What is a lipoma?

A lipoma is a lump of fatty tissue that develops the skin. A lipoma is usually soft, but may be firm and squidgy. A lipoma may move slightly if it is pushed in one direction or another.

A lipoma develops in normal, healthy people for no particular reasons. Some people are prone to lipomas and may have more than one lipoma. Sometimes lipomas can run in families.

The growth of the lipoma can affect surrounding area and place pressure on nerves, muscle tissue, organs, bllod vessels which can lead to pain, self-conciousness or even serious health concers

Lipomas are found most often on the torso, neck, upper thighs, upper arms, and armpits, but they can occur almost anywhere in the body. One or more lipomas may be present at the same time.

Lipoma removal surgery often only requires local anesthesia and can be performed as an out-patient procedure, but this depends on the size and number of the lipomas and the method of removal.

The skin is incised over the lipoma, and the fatty tissue is meticulously dissected away. The dissection technique may, in selected cases, be combined with a “press and squeeze” method. The surgeon places the incision directly over the lump and orients it in such a way that it gets hidden by natural wrinkles and creases of the skin. It’s analogous to delivering a baby through a small access area. After the lipoma has been completely removed from under the skin, the incision will be meticulously sutured closed with dissolving sutures.

People who have a family relative with one or more lipomas have a higher risk of developing this condition. Lipomas are also more likely to occur in people aged between 40 and 60 years old. Other risk factors for developing a lipoma may include:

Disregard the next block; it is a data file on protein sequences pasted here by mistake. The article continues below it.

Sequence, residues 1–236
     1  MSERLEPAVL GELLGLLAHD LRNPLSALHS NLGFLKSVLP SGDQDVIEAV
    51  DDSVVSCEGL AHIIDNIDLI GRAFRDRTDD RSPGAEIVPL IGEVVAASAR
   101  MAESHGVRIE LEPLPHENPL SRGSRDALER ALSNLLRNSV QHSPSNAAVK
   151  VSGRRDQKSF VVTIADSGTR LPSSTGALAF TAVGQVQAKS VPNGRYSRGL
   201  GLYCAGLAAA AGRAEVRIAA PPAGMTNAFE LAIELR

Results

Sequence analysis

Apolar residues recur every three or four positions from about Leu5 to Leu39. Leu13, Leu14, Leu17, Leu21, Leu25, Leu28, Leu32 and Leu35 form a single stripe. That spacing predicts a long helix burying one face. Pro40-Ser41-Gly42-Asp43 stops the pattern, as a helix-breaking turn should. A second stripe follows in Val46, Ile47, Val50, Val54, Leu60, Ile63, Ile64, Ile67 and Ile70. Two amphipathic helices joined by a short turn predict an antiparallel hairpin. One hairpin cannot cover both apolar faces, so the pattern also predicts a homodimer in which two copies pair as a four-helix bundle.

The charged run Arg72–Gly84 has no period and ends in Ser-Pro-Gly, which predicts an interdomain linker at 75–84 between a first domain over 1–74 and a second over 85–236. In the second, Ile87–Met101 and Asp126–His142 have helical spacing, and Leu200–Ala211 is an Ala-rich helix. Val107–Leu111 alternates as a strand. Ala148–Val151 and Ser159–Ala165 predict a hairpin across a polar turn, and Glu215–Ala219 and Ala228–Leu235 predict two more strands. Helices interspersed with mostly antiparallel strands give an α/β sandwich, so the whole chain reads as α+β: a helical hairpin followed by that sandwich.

• Obesity
  • High cholesterol
  • Diabetes
  • Liver disease
  • Glucose intolerance

Liposuction is a minimally invasive method that involves removal of the fatty tissue lump by making a tiny incision at the site. The surgeon may even decide to place the incision in a remote hidden site. Liposuction is more commonly used for removal lipomas on the face and other visible areas.

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Lipomas are usually harmless, so most people do not need to have surgery to remove them. People may want to remove a lipoma that:

  • is cancerous
  • is large, impinges on movement, or growing quickly
  • causes bothersome symptoms, such as pain and discomfort
  • interferes with normal body functions
  • causes distress for cosmetic reasons
  • the doctor is unable to confirm is a lipoma rather than another type of tumor


Surgical removal is the definitive treatment. If the lipoma is small, removal can be performed as a simple day-surgery procedure under local anaesthesia. Sometimes, some patients may come to us with a huge lipoma, which can be more than 20cm in diameter. For such large lumps, it is sometimes more comfortable for the patient to have the lump removed under general anaesthesia.